sovay: (Lord Peter Wimsey)
sovay ([personal profile] sovay) wrote2019-02-11 08:54 pm
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What's good looks got to do with romance?

You know how it is. You're watching a movie and it's not a romance, but there are a couple of young lovers in it because the angle's as old as New Comedy, and meanwhile off to the side a couple of middle-aged weirdos are stealing all their scenes. In a musical or an operetta, they may be the secondary couple with some songs and a subplot of their own, but they are otherwise unlikely to take precedence in the plot, much less romantic center stage. Love is for the birds and pretty faces. Enter George Archainbaud's Penguin Pool Murder (1932).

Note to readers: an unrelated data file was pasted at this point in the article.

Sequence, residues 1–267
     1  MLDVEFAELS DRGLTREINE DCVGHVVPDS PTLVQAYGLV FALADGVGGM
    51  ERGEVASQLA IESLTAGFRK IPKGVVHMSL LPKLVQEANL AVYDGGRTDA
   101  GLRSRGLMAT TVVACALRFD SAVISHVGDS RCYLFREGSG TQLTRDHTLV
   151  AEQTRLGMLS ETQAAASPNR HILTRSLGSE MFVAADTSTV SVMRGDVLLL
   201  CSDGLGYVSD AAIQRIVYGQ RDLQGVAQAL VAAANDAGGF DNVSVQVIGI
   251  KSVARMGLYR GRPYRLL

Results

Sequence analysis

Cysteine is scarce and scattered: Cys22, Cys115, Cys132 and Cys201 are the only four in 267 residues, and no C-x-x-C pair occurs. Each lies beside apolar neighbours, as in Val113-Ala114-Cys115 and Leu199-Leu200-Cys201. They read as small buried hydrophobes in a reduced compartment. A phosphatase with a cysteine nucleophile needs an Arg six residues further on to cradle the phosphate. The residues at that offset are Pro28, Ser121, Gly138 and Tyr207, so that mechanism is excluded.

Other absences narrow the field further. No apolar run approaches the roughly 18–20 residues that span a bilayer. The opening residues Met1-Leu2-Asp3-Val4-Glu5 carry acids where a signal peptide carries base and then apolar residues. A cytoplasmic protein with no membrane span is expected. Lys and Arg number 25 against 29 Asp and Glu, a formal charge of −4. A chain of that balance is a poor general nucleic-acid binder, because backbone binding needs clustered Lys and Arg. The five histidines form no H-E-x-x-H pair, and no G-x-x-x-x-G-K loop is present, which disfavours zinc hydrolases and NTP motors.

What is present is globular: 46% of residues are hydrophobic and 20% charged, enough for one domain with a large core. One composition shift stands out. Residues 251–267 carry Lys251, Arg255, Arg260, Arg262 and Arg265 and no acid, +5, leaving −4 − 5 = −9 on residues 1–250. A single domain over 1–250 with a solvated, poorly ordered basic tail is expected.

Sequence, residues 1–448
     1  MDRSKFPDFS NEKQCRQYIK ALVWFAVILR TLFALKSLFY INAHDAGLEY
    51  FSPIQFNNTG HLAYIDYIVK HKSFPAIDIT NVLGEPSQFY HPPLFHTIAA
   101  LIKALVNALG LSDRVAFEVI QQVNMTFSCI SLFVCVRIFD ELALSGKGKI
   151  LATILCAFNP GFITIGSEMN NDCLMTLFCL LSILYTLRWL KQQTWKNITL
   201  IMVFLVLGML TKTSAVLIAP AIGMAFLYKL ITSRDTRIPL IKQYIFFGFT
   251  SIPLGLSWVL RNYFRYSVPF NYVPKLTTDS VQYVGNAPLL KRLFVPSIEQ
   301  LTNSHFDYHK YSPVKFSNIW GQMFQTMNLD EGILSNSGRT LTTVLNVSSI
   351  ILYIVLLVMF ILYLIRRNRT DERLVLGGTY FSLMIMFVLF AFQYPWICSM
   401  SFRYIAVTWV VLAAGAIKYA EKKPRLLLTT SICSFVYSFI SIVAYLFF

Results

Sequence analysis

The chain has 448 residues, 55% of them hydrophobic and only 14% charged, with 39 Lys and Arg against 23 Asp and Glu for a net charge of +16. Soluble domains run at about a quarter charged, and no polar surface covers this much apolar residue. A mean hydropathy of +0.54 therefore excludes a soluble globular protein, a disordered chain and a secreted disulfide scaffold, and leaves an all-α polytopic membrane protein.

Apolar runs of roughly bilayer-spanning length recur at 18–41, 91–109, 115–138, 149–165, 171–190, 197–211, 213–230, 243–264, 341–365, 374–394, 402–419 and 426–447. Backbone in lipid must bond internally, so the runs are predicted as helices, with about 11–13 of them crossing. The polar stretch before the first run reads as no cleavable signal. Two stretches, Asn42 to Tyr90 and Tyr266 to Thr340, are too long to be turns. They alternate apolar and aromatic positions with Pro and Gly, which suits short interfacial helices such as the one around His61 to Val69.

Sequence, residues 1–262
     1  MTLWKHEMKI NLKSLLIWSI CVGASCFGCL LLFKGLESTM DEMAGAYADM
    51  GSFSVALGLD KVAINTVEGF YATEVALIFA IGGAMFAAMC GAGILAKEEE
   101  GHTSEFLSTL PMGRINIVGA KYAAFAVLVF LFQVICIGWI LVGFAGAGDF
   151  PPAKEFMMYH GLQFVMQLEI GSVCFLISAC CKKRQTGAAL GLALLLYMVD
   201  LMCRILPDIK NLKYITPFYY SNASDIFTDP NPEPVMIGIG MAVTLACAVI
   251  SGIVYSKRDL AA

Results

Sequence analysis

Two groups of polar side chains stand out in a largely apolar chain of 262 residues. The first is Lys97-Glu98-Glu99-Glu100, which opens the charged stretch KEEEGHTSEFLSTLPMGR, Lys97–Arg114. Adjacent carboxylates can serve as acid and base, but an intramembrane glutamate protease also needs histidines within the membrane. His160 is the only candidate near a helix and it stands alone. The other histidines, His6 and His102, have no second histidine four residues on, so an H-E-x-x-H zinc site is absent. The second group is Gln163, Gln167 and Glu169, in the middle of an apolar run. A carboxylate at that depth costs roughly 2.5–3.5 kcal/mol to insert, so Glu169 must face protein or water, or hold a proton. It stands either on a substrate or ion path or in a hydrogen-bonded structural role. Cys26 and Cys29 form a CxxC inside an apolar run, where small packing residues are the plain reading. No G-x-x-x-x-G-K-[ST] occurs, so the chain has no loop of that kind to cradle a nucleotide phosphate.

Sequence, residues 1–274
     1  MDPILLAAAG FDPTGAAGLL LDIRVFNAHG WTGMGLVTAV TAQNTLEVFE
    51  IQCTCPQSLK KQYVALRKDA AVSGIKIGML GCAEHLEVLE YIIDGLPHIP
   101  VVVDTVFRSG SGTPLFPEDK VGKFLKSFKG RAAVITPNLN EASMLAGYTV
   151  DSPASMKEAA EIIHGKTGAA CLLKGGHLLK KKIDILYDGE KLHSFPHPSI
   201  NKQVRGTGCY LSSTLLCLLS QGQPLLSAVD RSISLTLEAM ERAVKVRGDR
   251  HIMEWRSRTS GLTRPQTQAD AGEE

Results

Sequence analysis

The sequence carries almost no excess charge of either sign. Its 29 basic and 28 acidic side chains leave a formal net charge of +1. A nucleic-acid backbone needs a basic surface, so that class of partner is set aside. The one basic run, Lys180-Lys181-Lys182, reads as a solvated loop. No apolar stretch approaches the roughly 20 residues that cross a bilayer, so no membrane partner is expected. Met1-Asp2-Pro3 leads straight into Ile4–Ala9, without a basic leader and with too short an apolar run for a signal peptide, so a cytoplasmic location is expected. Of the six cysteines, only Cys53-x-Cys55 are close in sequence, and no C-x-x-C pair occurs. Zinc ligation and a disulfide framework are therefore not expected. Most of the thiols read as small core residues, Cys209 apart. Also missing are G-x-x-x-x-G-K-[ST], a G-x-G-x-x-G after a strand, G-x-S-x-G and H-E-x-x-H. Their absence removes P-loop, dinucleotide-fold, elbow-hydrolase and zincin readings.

I don't want to mislead anyone. There are some young lovers in this movie; they even have exclusive rights to its first eight minutes. It just happens that they are mostly larcenous and/or murderous airheads who photograph nicely—they're played by Mae Clarke, Donald Cook, and eventually Robert Armstrong—and once the script has established their relevance to the wife-slapping, fortune-squandering stockbroker found stone dead in the penguin tank of the New York Aquarium, it promptly forgets about them as anything but MacGuffins. It can afford to. At the eight-minute mark, a purse-snatcher comes bolting around the curve of a seal pool and takes a flying faceplant into the damp concrete, an immovable object having been deftly inserted into his stride. Splendidly tart as ever, Edna May Oliver's Miss Hildegarde Withers gives the object a tidy dust-off and observes the lesson for her eagerly jostling young class: "There, you see? Never try to evade the law with an umbrella between your legs." An already exciting field trip becomes a real day out when Teacher's garnet-headed hatpin goes missing and a corpse intrudes on its recovery and a modest programmer gears up to real charm as the redoubtable Miss Withers meets her match in James Gleason's Inspector Oscar Piper, world-wearily introducing himself at the aquarium's door with the slight misapprehension "Some kid called up and said there was a dead man in swimming with the ducks." The two of them spark off one another at once; they have the crackling, competitive chemistry traditionally assigned to younger, more conventionally attractive leads and their double-act is such a pleasure to watch that while I have to work to remember the mechanics of the actual mystery, I suspect I will retain forever the flirtatious reprimand in Oliver's voice as the schoolteacher takes her leave of the inspector who "can't quite make [her] out": "This is a busy day for you, Inspector. Now you have two mysteries to solve!" Their eventual team-up feels luxuriously inevitable, like watching a partner dance come together from a couple of hummed phrases and a restless foot. He's shortish for a man, she's tallish for a woman; her vowels could out-Brahmin Boston and he sounds like all Brooklyn in a day; he fumes and rumples like a sawed-off stogie while she in her prim elongation suggests an egret incompletely metamorphosed into a hatrack; if it wasn't obvious already, they're adorable. Pleasingly, their romance is a meeting of minds as well as physiognomies, her amateur detective's disdain for the police gradually tempered by appreciation of his individual smarts—Hildegarde's faster with deductions, but Oscar correctly susses out emotional terrain—just as his blue-collar dismissal of the teaching life one-eighties once he realizes the brains and the character it takes. If anything, the film slyly suggests that the spinster schoolteacher may be better prepared to pursue justice than the NYPD. "I've taught school long enough, Inspector, to know when someone is telling the truth or not . . . If I can handle a classroom of children, one district attorney ought to be easy!" Watching his dorky, fearless partner stride doughtily off to crack the case single-handed if she has to, Oscar pays her equal tribute as both sleuth and woman: "Boy—and she can cook, too!"